Which brings us to the key point. Some bores say that one of the three 18-hole golf courses at Fanling should be preserved because it hosts the international Hong Kong Open tournament every year. They are putting the cart before the horse. We face a classic win-win here. We look the other way when we see ragged schizoids sleeping under bridges because they shout at invisible people and smell bad. We prefer to forget they exist. Similarly, we leave golfers to plod around out in Fanling in their pink knickerbockers because they are so crushingly tedious to have around. (The only thing interesting about them is that statistically they are 20 times likelier than average to be struck by lightning.) Hong Kong has a once-in-a-lifetime opportunity to permanently solve both the scourge of unaffordable housing, and the tragic mental illness that is golf.

To quote CY Leung: “Hong Kong is not short of land, but we are short of determination.”

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24 Responses to The good news continues

  1. The really good news is nothing to do with property (surprisingly) but that the Peking establishment is now on its hind legs. Even the Editor of the SCMP is defending himself in his own paper. Sackings must be due there and in many other quarters. They just can’t handle the 2017 crisis.

    Property is a diversion to the real events now unfolding in HK. Even the Womble Democrats are talking figures, arrangements, plans, scenarios, proposals. We thought we’d never see it.

    Hurrah! I think I’ll buy a Gucci wallet to celebrate.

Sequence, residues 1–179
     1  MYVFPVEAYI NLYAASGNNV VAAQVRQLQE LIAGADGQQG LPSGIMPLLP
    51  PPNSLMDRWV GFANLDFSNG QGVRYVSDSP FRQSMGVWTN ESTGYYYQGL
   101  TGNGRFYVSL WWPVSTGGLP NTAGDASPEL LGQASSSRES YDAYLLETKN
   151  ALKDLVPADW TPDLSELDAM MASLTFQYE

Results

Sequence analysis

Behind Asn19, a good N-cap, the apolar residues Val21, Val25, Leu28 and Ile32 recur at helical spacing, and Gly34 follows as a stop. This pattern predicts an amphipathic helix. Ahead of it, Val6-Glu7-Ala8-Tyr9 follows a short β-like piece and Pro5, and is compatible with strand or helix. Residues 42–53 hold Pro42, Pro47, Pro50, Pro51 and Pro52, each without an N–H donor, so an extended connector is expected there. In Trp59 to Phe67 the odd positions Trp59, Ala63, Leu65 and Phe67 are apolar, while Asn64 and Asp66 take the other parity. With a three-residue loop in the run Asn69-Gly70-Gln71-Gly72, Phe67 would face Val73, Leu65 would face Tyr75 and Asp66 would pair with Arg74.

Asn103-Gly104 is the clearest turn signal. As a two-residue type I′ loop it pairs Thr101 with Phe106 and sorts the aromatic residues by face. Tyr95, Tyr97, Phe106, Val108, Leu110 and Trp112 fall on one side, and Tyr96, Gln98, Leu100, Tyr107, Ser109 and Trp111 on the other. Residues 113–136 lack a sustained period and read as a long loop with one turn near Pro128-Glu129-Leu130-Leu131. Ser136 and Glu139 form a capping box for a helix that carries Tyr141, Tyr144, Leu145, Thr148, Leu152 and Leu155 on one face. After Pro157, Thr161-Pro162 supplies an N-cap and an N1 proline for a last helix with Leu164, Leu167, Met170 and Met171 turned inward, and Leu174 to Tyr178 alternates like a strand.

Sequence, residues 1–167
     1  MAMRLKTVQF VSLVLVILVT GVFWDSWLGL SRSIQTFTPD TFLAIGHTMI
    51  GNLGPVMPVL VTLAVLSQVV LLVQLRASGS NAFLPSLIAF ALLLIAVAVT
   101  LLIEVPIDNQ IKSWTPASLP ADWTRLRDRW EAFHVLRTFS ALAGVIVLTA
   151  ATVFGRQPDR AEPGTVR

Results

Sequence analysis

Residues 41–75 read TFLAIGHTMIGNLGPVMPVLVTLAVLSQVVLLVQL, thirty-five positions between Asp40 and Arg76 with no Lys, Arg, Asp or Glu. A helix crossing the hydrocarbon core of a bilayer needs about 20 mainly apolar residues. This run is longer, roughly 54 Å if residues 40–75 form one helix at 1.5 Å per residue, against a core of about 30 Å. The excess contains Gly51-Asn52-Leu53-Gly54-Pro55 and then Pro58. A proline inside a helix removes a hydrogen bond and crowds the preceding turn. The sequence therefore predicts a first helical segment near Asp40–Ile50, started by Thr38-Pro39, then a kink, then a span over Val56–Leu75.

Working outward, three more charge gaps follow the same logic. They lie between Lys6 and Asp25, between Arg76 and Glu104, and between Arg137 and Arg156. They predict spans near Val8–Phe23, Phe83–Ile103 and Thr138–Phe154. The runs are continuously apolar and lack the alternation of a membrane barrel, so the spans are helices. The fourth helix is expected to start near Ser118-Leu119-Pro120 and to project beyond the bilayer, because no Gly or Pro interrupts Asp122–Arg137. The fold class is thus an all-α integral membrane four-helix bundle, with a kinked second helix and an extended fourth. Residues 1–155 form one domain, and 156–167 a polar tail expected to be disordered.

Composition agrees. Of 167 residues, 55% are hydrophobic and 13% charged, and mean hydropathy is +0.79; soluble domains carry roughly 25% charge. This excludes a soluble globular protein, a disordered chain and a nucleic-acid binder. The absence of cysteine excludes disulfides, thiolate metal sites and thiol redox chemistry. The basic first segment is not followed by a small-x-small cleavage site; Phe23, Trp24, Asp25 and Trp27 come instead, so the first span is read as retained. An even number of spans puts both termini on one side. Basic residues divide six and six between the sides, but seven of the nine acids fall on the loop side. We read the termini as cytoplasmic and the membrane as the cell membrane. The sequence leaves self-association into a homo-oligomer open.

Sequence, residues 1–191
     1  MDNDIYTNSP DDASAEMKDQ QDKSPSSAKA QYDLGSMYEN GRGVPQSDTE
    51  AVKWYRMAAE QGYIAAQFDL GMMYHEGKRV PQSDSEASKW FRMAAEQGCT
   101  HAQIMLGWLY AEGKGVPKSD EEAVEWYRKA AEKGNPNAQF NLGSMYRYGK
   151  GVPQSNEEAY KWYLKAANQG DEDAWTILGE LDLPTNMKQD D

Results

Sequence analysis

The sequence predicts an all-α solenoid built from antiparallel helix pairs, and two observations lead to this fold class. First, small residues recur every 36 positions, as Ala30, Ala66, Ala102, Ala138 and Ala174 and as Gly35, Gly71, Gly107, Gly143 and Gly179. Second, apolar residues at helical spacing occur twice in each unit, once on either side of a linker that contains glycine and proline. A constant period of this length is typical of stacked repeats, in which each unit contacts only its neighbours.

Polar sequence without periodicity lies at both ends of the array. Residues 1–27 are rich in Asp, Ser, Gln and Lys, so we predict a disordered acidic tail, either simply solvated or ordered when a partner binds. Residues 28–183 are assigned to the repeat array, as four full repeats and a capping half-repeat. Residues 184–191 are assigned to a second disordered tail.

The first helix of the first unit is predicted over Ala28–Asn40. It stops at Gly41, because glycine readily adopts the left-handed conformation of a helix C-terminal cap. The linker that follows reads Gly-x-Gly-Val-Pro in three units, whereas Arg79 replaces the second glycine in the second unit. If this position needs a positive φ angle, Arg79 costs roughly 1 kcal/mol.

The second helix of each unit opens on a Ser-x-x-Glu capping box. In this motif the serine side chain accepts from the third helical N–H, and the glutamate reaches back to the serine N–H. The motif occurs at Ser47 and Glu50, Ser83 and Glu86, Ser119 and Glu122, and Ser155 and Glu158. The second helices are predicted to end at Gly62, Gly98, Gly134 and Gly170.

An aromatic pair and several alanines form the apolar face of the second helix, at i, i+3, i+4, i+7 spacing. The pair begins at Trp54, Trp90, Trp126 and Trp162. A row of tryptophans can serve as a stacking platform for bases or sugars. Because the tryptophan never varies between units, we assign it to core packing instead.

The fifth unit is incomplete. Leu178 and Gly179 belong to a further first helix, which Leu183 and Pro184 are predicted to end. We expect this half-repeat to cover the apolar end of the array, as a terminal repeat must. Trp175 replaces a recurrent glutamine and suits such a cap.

2. Cerebos says:

    Yes. At last. The Anti-Golf movement finds its voice. Loathesome game played by spineless pansies and professional bores.

    Low-density affordable housing at the HK Golf Club in DWB? Bring it on.
    Shek O Country club (membership 500) owned by the people for the people? J’accepte.

    Ah – the tycoon / government loin-cream nexus. Somehow I don’t think the CCCPPCCCPC will take this opportunity to assert some of its more noble founding principles.

  3. Mary Hinge says:

    “Too good to be true”, you say? Hmmm… Well, I’m not bothered at all about golf, but it’s a crying shame that green and verdant spaces should be paved over in yet more ugly, grey concrete.

  4. Worm Flu Patient Zero says:

    As someone who has no interest in golf, I also find the prospect mouth-watering. However, I wouldn’t like to see all those tress cut down. Why not turn into a public park and give out free frisbees to public housing tenants?

  5. Sir Crispin says:

    It’s nice to see George Carlin’s ideas being put into action:

  6. Ernie Els says:

    @ Cerebos
    Calm down, son. Hit a few balls on the range once a week and take a couple of lessons and you will improve your golf game, I guarantee it.

  7. Chris Maden says:

    The knickerbockers I wear on the golf course are not pink. They have lurid green polka dots, too.

    As someone who hacks a golf ball around the public courses at Kau Sai Chau when I can, the rare visits I have made to Fanling inspire anger. I have only ever been allowed on during the week, and the courses (and club house) are utterly deserted. Sure, if I am (or tourists are) willing to pay three times the price I do at KSC, and start before the sun comes up, I can play one round. That is the limit of their engagement with the public. As to the chances of being able to join, forget it.